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  • The Daily Misogi: Helping You Establish, Maintain Your Brand

    Editor’s Note: This blog is an adaptation of a chapter in “‘Headhunter’ Hiring Secrets: The Rules of the Hiring Game Have Changed . . . Forever!” by Skip Freeman.

    In previous blogs we’ve examined a variety of the substantive, “nuts and bolts” methods and approaches you can use to create and maintain the “brand” that is you. In this blog I am going to take a slightly different, rather unique approach and share with you a method that not only will help you establish and maintain your unique “brand,” but one that will also help you prepare your mind and your spirit to effectively meet the challenges that lie ahead for you in your job search. The method is known as The Daily Misogi, which is actually an ancient Japanese cleansing ritual once practiced by Japanese Samurai warriors.

    To be sure, in the days of the Samurai warrior, it was literally a “kill or be killed” existence. Make no mistake about it, in today’s fiercely competitive job market, it is, at least figuratively speaking, essentially the same thing when it comes to your economic well-being and survival. Every contact you make with a potential hiring manager or company, every email and every phone call you make to advance your job search makes an impression (good, bad or indifferent). Taken together, how well (or how poorly) you create and implement such contacts during your job search therefore becomes your personal brand. Obviously, you’ll want to ensure that you are perceived as someone who is unique, different—and better!—from other job candidates.

    If you’re anxious about the possibility of losing your job, have actually lost it, or you’re simply so fed up with your current job that you feel you must immediately find a new one, you quite likely have a very strong urge to take action! Now! This is very understandable and a very human reaction under the circumstances. You want to pick up the phone and call a recruiter, contact people in your social and professional networks. You want to hit the job boards and start sending out résumés by the dozens, if not by the hundreds! You’ve got to get something going, and you’ve got to do it now!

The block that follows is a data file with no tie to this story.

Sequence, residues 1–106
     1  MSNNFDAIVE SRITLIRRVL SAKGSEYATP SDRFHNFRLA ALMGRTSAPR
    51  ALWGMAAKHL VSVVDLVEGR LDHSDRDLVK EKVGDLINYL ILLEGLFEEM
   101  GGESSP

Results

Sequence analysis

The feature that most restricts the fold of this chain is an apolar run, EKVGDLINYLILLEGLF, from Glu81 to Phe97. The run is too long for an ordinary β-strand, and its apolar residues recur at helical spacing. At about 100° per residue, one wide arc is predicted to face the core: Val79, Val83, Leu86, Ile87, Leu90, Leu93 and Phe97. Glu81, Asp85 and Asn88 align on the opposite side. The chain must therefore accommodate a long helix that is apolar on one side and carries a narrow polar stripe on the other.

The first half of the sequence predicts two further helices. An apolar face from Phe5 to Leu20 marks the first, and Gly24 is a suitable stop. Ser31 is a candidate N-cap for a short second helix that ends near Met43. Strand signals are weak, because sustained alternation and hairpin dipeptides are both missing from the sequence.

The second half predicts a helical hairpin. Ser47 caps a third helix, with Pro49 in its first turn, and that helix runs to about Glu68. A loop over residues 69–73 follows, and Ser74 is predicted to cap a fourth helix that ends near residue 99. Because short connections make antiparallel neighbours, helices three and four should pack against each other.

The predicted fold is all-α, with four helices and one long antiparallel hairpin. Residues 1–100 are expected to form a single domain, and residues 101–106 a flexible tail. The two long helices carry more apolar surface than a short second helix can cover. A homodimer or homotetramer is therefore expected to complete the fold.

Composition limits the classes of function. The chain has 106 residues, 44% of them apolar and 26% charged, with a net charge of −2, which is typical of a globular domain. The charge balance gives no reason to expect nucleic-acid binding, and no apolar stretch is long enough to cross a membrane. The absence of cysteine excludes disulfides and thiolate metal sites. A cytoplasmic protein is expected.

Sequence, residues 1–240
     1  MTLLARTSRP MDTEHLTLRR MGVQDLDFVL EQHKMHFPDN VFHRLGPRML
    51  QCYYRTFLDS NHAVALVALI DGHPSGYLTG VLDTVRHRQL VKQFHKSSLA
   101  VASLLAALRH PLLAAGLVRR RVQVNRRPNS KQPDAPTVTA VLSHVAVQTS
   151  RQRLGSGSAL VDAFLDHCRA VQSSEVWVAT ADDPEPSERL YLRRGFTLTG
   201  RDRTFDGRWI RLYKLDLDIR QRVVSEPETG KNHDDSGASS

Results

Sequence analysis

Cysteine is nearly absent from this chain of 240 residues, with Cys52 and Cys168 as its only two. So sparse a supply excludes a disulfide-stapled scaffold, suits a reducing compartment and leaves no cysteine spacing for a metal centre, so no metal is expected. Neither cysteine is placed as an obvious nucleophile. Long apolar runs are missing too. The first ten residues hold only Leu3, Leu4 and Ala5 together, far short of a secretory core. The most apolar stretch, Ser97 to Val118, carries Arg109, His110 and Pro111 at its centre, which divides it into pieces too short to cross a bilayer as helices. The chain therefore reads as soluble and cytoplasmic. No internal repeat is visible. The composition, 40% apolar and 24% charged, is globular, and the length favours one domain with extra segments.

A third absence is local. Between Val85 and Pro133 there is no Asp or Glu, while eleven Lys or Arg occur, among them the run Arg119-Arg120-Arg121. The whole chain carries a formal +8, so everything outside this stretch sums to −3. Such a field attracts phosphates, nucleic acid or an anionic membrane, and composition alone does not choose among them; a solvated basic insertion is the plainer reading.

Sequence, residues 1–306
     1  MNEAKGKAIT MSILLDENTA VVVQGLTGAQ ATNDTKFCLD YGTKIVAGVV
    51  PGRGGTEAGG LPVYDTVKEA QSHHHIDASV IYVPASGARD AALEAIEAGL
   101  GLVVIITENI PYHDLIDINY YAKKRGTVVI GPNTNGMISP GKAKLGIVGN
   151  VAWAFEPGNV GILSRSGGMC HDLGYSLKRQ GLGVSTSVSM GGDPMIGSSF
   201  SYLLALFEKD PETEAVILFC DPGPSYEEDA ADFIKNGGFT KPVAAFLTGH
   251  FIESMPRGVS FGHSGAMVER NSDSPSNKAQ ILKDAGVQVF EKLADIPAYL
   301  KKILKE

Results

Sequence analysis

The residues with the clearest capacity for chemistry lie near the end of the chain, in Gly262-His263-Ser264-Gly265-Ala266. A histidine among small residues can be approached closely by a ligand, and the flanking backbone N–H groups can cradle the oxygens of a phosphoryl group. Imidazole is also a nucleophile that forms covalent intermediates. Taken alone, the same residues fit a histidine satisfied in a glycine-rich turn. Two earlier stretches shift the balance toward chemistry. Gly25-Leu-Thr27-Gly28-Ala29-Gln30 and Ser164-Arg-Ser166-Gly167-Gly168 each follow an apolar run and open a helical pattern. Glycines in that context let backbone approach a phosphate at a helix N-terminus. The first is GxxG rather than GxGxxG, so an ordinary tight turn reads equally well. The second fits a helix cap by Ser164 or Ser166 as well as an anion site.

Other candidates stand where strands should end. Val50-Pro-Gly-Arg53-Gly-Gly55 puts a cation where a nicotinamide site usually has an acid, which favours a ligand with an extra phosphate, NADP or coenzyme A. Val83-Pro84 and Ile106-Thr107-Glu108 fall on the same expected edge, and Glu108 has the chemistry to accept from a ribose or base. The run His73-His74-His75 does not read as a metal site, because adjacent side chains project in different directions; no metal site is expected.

My advice: STOP!

    It is absolutely critical at this point that you take the time to collect your thoughts, to get adequately prepared and to formulate your plan. Oh, and did I mention that you will also want to make sure that you properly brand yourself before rushing headlong into today’s job market? Who are you, really? What do you have to offer a potential employer? What are your unique skills and talents? How are you different from other candidates who will be vying for the same positions as you? Chances are, if you haven’t ventured into the job market lately, you will be hard pressed to answer such questions well, and answer them well you must, if you hope to be successful in today’s brutal, ultra-competitive job market.

    Applying the daily Misogi to your job hunt

    The majority of us start each day with at least some general plan regarding the activities that we would like (or have) to undertake. But most of us don’t fully prepare our minds and spirits for the day. Oh, some of us may start our day with prayer, reading a holy book, or even by going to a religious service. But how many of us really ever stop to think deeply and quietly about the issues of the day ahead and make a definite plan of differentiating activities?

    Back to the Japanese Samurai warriors for a moment. Each day, before dawn, these warriors would get up, sit cross-legged and sharpen their swords, often for a couple of hours. Did their swords really need to be sharpened for two hours? Of course not! While it may have appeared to the casual observer that the warriors were merely sharpening their swords, actually, they were really “sharpening” their minds.

    Since, as I said, the Samurai warrior lived in an essentially “kill or be killed” world, each day he would narrowly focus his mind in order to visualize the day ahead. He would analyze the results of previous battles. He would visualize victory. He would do “success/failure” analyses. What must he do to replicate past successes? What had he learned from past failures?

    Preparing for the “job hunt” each day requires this same kind of intense focus and daily preparation of the mind and spirit. And once you find your next position (or even if you are currently employed), you would do well to continue such daily preparation. Before the start of each new day’s activities, you should quietly and deeply reflect upon and then set “drop dead” targets and/or goals, i.e., those things that you positively, absolutely must accomplish, as a minimum, for the day. Equally importantly, you should also quietly and deeply reflect upon the targets and/or goals you set for the previous day.

    Ask yourself this: “What successes did I achieve?” “How do I replicate those successes?” “What failures occurred?” “How do I learn from those failures?”